Super important, for both location and content. I’ve travelled to different countries to research two of my novels and I have a research trip planned that I’m waiting to take once COVID-19 restrictions lift.

How much planning is required when it comes to structuring one of your books?

My stories are character driven rather than plot driven, so I’m not crazy about restricting myself to a rigid plot structure. I prefer to work with an emotional arc and usually have to be reminded (ever so gently by the editor) about plot.

What’s the editing process like?

I actually really like the revisions and editing part of the process. It is the first draft that I find ridiculously difficult, but after I’ve gotten that out, I like to mould and shape. I feel much more in control at this stage.

Honestly, I feel so grateful to all the editors I’ve worked with. They guide and elevate my work beyond anything that I could envisage when I set out from the first draft. I am forever grateful.

How did you come to be published?

I got my start writing short stories for a kids’ magazine in Canada called Chirp and another called Chickadee. From there I built my confidence to write my first novel. It was a YA novel and part of a series for reluctant readers. But my real passion is for middle grade fiction so I kept working on various middle grade projects.

Social media – like it or loathe it?

I like it. It’s wonderful to be able to connect directly with readers, teachers and librarians so I am delighted to have it. But I try to balance it and not fall down the rabbit hole too much.

How do you handle the reviews?

I guess I’ve been lucky not to have any nasty reviews. Sometimes I’ve had reviewers or readers who have misinterpreted or misunderstood something. It’s tempting to try and address it when that happens but the golden rule is to let it go.

What would you be doing if you weren’t a writer?

For sure I’d still be working with books in some capacity. I founded and ran a children’s literacy charity for twelve years and also worked as the submissions and marketing manager for a literary prize for seven years. It’s a wonderful privilege now to be in a position where I can dedicate all my time to writing.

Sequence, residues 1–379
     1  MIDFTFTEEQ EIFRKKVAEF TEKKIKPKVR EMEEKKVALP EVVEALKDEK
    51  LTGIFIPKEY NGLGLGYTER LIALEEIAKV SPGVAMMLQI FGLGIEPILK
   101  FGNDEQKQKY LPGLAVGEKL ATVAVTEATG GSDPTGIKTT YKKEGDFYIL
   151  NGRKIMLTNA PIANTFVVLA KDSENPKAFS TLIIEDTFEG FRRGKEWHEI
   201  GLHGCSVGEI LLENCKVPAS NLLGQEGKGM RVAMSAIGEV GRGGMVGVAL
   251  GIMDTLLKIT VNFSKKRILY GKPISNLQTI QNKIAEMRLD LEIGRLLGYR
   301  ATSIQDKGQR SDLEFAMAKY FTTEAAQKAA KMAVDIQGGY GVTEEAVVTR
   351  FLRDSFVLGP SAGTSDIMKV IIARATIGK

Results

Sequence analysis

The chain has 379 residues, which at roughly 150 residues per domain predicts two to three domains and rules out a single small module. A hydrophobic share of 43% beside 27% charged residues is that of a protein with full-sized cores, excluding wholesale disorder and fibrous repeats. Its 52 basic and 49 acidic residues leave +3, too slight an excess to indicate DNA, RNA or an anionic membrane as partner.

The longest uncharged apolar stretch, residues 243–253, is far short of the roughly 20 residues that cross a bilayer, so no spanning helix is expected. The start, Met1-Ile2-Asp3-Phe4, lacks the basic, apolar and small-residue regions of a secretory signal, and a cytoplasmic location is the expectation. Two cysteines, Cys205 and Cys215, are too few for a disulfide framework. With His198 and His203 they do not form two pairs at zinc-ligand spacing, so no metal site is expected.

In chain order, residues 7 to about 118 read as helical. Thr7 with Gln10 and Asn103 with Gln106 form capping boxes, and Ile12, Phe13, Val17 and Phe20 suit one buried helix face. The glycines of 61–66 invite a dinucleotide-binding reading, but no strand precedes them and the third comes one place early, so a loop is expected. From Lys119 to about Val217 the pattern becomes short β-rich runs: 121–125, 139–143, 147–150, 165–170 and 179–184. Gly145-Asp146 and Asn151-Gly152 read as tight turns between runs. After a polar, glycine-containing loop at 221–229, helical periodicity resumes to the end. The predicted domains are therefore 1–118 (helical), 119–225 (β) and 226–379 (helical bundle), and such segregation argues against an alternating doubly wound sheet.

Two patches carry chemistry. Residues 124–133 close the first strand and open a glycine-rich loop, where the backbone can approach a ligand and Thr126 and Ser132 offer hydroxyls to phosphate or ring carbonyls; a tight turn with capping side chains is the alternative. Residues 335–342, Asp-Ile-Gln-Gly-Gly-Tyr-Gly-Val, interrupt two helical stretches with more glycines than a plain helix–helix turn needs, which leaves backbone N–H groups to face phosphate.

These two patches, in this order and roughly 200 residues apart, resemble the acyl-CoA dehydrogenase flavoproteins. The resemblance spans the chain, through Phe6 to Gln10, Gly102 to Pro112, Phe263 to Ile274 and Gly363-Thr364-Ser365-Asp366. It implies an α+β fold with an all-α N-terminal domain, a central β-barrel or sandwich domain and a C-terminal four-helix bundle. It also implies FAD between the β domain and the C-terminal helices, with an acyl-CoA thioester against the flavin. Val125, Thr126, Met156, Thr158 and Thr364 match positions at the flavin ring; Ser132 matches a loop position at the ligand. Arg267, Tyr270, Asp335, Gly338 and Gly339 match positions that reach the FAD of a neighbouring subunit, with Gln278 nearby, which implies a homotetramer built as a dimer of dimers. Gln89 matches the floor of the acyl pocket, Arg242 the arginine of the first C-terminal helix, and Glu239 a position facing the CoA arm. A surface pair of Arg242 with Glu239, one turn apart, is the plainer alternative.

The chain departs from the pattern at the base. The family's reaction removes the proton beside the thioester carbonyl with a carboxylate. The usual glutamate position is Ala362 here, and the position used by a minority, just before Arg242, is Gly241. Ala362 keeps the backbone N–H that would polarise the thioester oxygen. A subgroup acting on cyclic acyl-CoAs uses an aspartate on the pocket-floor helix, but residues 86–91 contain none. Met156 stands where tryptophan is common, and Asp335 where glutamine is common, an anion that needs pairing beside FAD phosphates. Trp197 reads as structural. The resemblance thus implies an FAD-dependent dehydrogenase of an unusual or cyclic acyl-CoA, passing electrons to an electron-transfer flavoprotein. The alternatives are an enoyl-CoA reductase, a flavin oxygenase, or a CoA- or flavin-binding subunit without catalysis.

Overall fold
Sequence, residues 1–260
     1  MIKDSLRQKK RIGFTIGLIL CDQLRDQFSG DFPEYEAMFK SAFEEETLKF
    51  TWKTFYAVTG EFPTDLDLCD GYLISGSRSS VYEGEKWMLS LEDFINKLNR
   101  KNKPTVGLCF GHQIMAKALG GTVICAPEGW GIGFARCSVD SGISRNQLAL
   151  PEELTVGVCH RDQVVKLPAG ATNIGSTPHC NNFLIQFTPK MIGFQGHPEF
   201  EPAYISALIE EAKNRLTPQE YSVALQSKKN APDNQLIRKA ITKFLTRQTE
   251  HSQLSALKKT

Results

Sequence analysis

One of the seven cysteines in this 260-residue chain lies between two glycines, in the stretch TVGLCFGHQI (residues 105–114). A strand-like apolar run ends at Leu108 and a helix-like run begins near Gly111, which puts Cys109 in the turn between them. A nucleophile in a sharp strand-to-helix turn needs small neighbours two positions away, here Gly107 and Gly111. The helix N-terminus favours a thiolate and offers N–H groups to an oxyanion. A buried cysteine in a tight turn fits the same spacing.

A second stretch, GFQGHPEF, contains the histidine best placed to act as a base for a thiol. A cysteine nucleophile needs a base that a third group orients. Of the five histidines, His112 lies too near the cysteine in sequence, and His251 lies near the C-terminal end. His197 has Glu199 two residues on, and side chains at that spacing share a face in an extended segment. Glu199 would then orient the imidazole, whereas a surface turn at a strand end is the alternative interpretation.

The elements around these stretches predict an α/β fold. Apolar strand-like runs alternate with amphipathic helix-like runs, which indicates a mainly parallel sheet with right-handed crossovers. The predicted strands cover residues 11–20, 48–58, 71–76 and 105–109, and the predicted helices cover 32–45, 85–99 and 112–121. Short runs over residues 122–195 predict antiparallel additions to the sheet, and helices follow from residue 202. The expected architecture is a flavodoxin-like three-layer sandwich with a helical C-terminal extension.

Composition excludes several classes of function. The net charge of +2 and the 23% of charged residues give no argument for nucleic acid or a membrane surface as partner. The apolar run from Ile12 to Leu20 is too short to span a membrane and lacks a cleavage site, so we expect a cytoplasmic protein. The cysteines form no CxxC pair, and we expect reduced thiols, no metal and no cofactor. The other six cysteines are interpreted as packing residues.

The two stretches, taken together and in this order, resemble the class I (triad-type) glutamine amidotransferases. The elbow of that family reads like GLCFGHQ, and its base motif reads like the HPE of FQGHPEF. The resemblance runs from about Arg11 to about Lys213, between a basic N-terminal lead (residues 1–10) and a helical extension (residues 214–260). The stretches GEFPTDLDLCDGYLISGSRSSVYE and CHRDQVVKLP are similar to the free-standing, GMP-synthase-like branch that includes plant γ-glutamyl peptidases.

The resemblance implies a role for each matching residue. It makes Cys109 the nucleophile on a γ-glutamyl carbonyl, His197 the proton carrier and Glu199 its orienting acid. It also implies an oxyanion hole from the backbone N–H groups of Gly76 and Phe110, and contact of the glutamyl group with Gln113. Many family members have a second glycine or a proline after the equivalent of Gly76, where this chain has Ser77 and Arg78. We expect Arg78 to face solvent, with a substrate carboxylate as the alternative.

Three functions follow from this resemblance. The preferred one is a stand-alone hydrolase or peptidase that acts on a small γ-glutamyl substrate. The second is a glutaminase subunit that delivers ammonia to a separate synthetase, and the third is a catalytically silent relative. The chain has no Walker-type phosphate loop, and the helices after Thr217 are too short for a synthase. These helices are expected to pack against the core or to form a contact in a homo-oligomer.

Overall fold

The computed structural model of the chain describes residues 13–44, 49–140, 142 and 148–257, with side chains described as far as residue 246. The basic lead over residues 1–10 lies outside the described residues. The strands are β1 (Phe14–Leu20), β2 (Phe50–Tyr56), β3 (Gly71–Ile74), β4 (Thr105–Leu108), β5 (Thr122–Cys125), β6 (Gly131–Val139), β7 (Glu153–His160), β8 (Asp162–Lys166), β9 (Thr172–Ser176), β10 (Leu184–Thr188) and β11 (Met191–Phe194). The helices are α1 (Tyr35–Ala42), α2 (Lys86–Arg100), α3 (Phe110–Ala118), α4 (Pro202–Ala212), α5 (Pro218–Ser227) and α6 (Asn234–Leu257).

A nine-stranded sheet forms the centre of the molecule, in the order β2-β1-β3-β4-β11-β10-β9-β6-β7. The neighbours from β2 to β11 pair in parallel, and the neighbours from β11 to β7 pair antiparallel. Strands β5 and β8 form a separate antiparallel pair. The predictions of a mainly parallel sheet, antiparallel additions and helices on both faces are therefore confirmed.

What is your number one tip for aspiring writers?

I don't believe there is secret sauce on how to become a writer, it's allowed to be a little mysterious and personal. You need to find your way by experimenting and making mistakes. Your writing won’t be like anyone else's, so let yourself enjoy your own creativity. Creative endeavours can be challenging, but they should always at some level give you joy. If you love to play with words and ideas and you love to let your imagination become unhinged and express a part of yourself – then you'll keep going until you become better and better.

Fast five

Plotter or pantser? Pantser.

Tea or coffee? Tea, in a tea cup!

When I’m not writing I’m Staring into space.

My favourite place to read is… I have a giant teak Java bench that I’ve dragged all around the world with me. It has an over-stuffed mattress and tons of pillows. I practically live on it.

Ebook or physical book? Definitely physical book. Holding a book immediately signals my brain to relax.